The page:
by Dawn Smith
Military families fulfill all life stages of rental home needs. Single, young, newly married, and married with three kids are just a few examples of families looking for homes. Rental home experiences for military differ, but the need for renter awareness remains the same. The more information you obtain upfront, the better your home life will be.
It’s simple to begin researching the fundamentals of how to rent the perfect home and MilitaryByOwner has many rental resources to guide the search. Basics such as location, commute times, and budgeting the cost of the rent each month are pretty easy to calculate, but there are other circumstances that get overlooked by renters new to the game, and even some nuances that experienced renters may forget. Consider these Don’t scenarios before signing on the dotted line.
Meeting with a landlord can be an anxious time if you feel like your previous research is pointing to his house as the perfect one. For example, you love the location of the house because your kids can walk to the top rated school in the area, but upon meeting the owner he is less than thrilled to open up the house and seems that he would rather be anywhere than there.
He shows you the dated house, but you can look past some cosmetic blemishes because you love the school. As he touts his 1950s oven as vintage and his custom spice racks as the best features in the kitchen, your heart sinks, but you hold out hope. The rest of the house is just as old, neglected, and wood panel-filled, but your last question is, "Are you planning any update projects?" He responds quickly with a "No." There are no offers from him for a thorough yard clean up and no negotiation in rent as enticements to sign the lease.
By the time you leave, his attitude clearly projects that you should be thrilled with his outdated, overpriced, but perfectly located home. You later find out, with the help of a real estate agent, that he’s known in the area as basically a slumlord with several exceptionally placed, once beautiful homes. He’s made his money from military families desperate due to time constraints and who valued exceptional schools and short commute times to the local base.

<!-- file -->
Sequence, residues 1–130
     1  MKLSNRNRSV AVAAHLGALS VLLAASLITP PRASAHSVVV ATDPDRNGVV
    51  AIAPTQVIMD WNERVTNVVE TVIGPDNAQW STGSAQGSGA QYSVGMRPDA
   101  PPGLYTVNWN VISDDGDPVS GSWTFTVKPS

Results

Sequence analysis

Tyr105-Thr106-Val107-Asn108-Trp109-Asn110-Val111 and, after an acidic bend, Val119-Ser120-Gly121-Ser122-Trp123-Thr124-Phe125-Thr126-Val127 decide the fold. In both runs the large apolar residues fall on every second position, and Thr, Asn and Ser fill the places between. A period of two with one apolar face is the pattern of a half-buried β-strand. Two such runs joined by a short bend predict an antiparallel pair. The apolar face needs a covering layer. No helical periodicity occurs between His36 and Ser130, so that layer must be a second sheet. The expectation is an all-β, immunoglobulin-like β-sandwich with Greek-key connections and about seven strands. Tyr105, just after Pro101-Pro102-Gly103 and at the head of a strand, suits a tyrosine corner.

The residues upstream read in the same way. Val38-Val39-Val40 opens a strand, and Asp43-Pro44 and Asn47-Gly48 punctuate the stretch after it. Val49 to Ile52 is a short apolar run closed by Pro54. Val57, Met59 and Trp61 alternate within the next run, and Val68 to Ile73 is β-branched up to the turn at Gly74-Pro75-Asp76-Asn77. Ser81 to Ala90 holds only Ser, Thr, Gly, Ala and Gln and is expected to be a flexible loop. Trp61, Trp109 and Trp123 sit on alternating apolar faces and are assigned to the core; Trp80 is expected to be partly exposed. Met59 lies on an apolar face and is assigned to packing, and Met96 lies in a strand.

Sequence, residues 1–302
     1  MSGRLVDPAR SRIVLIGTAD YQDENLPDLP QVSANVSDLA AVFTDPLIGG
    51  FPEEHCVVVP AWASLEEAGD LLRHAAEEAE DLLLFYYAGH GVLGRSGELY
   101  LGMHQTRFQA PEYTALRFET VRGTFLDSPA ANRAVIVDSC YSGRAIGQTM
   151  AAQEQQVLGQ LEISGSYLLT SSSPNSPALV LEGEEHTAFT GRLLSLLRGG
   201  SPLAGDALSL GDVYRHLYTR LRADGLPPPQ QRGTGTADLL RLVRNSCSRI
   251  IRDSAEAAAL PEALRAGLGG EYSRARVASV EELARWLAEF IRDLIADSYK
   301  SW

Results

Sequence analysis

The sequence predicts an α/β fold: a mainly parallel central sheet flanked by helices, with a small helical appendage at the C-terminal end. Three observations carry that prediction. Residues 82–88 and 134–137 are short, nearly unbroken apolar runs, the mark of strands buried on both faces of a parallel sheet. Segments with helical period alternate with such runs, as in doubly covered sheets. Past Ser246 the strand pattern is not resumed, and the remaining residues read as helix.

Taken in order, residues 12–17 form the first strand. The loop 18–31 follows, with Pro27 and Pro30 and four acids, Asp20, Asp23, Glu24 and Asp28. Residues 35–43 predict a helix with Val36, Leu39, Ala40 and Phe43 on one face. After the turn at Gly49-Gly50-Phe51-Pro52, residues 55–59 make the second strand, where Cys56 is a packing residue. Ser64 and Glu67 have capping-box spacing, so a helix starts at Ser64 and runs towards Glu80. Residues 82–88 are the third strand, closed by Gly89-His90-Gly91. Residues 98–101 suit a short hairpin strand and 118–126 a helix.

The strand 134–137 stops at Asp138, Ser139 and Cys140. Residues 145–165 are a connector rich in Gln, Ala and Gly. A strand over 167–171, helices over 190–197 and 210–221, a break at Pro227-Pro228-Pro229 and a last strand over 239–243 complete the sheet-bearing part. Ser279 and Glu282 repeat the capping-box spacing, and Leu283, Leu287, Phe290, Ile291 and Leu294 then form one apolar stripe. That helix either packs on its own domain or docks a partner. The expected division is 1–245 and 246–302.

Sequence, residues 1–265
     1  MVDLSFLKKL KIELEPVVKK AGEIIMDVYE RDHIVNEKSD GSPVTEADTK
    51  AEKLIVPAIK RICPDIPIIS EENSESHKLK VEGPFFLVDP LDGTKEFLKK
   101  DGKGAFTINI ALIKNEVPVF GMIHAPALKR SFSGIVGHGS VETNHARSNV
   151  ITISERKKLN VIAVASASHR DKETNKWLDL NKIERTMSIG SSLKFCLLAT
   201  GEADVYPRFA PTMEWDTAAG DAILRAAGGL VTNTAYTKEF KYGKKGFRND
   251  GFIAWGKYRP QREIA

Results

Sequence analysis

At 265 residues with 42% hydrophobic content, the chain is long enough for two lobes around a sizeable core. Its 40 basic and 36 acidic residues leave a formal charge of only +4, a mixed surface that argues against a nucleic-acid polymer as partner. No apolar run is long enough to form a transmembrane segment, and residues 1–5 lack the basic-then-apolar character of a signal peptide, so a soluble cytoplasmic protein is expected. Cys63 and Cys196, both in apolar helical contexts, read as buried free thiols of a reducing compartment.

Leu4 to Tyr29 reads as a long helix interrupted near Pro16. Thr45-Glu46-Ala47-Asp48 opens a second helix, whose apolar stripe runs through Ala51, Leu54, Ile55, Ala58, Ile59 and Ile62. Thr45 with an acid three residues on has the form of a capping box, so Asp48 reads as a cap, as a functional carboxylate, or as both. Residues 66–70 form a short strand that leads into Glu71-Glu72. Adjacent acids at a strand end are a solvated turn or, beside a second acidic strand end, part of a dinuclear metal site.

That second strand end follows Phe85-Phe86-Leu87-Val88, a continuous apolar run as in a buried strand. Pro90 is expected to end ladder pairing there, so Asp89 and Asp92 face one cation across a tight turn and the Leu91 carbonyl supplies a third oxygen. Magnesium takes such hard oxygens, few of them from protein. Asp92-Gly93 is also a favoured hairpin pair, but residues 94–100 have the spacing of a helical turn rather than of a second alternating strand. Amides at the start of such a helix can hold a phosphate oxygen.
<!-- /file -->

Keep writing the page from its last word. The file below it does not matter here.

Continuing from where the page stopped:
Conversely, your next potential landlord is the kindest and sweetest woman you will ever meet who wants a good family in her beloved seaside home. She left begrudgingly due to family issues and wants to make sure she can return in the next few years to reclaim her residence. Her financial situation is not good, and your rent is a major source of income for her. You know all of this because she readily tells you her personal businesses. She is basically laying the ground work to say, "I do not have the money or the intention to fix or update any of the problems with the house."
Don’t overlook your potential landlord’s involvement or non-involvement during your lease term! They can be a huge advantage or disadvantage when you rent their home. Your initial conversation with your potential landlord, their attitudes, and even appearance speak volumes as to how they will treat you and your family once you live in the home. As usual, trusting your gut instinct to kick in will always be in your favor, especially in this situation.